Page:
Instead of an overblown triumphant catharsis so expected for this type of film, director Bennett Miller opts for discretion. There is a scene early in the film where Beane, sitting on the sidelines of an empty stadium, the radio came a departure from his team. There, in almost complete silence, Miller holds the image for a few seconds longer than usual before cutting to the next scene. It's as if to remind us: 'The film's about this guy, don’t forget it.' It’s a device whose simplicity doesn’t betray its sophistication.

In a sense, Moneyball is like its protagonist: persuasive, focused and aware that, if all the parts fit together, the desired results will come.

Dir. Bennett Miller, USA, 2011. Brad Bitt, JonahHill, Philip Seymour Hoffman. 133 mins.

 The Iron Lady (A Dama de Ferro)


This biopic deserves to be seen for the performance of Meryl Streep – but only for that. Few things are as disappointing as watching a reconstituted history of a controversial figure who seems to avoid – at all costs – any disputes.

Despite the efforts of the phenomenal actress, Margaret Thatcher is barely a shadow of her actual self, in large part, due to the shortcomings of the script. The film's flimsy structure, stops at key points in the former British prime minister's life without discussing them or even contextualize them properly. We already know the results: a thin biographical outline of her senile twilight years, as she hallucinates about her dead husband. 

Click here to read the review by Keith Uhlich, at Time Out New York

Dir. Phyllida Lloyd, England/ France, 2011. Meryl Streep, Jim Broadbent, Olivia Colman. 105 mins.

Ghost Rider: Spirit of Vengeance (Motoqueiro Fantasma: Espírito de Vingança)

Ghost Rider is a Marvel comic book character that was created in the early 70’s by Roy Thomas, Gary Friedrich and Mike Plogg. By making a pact with Mephistopheles to save his adoptive father, the motorcyclist Johnny Blaze is transformed into his heroic alter ego.
In this sequel, he returns with the chance to getting rid of his curse by agreeing to protect a child. Nicolas Cage returns to embody the title character. Unfortunately, Eva Mendes, star of the first movie, isn't in this one.

Dir Mark Neveldine & Brian Taylor, USA, 2011. Nicolas Cage,Ciarán Hinds, Violante Placido. 95 min.

Reis e Ratos


The director of Meu Nome não é Johnny returns to theaters with this convoluted comedy about the evening of the Military Coup of 1964. The beginning of the film involves the explosion of a gazebo, a nightclub singer (Rafaela Mandelli) and a paranormal (Cauã Reymond). This odd situation gives a pretty good indication of what comes next.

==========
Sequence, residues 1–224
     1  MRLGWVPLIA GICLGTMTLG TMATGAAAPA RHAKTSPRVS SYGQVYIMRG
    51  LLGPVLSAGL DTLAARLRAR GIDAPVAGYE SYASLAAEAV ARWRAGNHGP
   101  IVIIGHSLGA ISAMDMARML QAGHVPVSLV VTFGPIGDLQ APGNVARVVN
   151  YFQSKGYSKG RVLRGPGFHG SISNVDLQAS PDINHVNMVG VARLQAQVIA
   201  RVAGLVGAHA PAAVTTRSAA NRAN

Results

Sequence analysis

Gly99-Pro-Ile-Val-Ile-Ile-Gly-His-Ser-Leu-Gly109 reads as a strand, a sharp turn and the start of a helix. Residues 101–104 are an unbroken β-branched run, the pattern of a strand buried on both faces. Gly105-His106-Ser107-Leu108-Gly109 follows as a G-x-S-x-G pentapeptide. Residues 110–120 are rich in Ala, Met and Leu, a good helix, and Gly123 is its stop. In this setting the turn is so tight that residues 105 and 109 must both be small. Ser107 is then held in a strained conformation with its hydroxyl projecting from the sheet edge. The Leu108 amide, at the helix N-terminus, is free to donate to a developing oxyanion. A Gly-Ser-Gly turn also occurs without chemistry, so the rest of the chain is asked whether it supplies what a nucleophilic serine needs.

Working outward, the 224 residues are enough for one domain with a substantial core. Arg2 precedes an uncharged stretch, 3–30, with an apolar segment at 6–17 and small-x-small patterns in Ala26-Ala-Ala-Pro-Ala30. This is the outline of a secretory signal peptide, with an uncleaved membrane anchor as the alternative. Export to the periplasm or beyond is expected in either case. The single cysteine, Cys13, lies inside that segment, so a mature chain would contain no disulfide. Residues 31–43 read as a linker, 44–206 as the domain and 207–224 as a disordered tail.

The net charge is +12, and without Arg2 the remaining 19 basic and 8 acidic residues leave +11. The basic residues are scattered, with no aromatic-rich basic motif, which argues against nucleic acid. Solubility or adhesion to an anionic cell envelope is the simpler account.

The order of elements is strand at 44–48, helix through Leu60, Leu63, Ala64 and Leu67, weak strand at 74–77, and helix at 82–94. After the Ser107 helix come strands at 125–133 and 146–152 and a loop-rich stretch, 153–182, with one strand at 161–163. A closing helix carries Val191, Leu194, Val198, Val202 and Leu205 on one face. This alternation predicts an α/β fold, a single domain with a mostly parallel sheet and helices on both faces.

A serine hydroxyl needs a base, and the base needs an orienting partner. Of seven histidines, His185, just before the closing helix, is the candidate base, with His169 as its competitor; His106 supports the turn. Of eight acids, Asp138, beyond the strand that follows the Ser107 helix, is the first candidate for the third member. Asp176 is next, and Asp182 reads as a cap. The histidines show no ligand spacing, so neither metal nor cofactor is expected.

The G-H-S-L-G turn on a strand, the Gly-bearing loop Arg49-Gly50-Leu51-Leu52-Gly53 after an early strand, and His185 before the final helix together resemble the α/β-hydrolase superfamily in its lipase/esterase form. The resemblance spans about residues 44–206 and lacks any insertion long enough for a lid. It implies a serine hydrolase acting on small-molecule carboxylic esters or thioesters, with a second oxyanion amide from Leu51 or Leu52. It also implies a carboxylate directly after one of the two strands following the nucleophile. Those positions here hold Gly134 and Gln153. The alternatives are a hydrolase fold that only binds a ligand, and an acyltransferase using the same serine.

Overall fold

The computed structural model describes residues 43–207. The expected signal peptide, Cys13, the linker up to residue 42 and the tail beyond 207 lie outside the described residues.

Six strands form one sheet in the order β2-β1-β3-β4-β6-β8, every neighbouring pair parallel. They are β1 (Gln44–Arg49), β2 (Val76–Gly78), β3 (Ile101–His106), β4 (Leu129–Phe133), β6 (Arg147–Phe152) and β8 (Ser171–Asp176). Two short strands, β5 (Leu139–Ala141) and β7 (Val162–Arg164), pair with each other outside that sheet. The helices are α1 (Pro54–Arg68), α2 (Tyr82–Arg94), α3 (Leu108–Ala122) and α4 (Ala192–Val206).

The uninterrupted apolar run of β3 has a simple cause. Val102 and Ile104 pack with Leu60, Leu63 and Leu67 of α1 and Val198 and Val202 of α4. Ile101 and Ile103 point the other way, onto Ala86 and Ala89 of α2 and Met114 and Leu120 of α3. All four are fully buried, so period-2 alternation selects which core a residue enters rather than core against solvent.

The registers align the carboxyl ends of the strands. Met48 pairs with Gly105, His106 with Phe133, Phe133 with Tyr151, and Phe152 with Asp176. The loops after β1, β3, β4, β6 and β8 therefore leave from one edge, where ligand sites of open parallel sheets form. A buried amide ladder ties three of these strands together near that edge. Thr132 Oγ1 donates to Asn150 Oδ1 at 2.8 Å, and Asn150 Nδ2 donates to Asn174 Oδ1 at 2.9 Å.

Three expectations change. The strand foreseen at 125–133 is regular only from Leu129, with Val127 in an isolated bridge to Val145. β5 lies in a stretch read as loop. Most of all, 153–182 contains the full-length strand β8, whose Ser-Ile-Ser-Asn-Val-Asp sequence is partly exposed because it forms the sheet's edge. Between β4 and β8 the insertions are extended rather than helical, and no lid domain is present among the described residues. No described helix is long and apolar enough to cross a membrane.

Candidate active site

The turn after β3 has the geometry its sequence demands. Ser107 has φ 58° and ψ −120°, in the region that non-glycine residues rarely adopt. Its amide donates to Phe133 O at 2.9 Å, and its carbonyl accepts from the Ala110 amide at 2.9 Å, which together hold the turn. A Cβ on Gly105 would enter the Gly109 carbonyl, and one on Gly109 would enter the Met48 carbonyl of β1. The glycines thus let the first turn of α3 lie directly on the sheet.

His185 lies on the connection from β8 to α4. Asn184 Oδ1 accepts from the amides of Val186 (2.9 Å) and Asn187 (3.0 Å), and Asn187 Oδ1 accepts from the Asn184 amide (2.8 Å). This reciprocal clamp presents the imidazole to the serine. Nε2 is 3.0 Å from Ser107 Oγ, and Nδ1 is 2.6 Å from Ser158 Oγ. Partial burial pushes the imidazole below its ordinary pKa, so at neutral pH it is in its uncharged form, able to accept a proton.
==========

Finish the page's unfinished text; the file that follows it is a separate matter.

After this prologue, the story is interrupted by flashbacks and involves a strange mix of characters ranging from a CIA caricature (Selton Mello) to a former pimp addicted to amphetamines (Rodrigo Santoro), who are all somehow connected to the right wing's plan to depose the president without using the military

Reis e Ratos has novelty going for it: the Brazilian cinema has rarely addressed the turbulent historical period that would eventually throw us into the abyss of a dictatorship so unusually.

Dir. Mauro Lima, Brazil, 2012. Selton Mello, Rodrigo Santoro,Cauã Reymond, Seu Jorge. 111 mins.

Road to Nowhere (Caminho para o Nada)

After the questions following David Lynch's Mulholland Drive and, above all, Inland Empire, it was thought that there wasn’t much space for this type of metalinguistic film construction. Apparently, the veteran Monte Hellman wants to overcome this alleged exhaustion in Road to Nowhere.

There's a film-within-a-film, which is accompanied by the reconstitution of a murder followed by a suicide. If it doesn't sound confusing enough, be aware that the more the story progresses, the more the boundaries between the layers of fiction become blurred.

Road to Nowhere invests heavily in fragmentation, and the various pieces of the puzzle are shown without the slightest hurry. The film is left to the viewer to reassemble in a way that that makes sense. It's not everyone's cup of tea.

When weaving questions about the nature of cinematic storytelling, Hellman offers an intricate and difficult journey, it’s true, but it's a rewarding one for those who are willing to follow it to the end.

Dir. Monte Hellman, USA, 2011. Shannyn Sossamon, TyghRunyan, Cliff De Young. 121 mins.

By André de Leones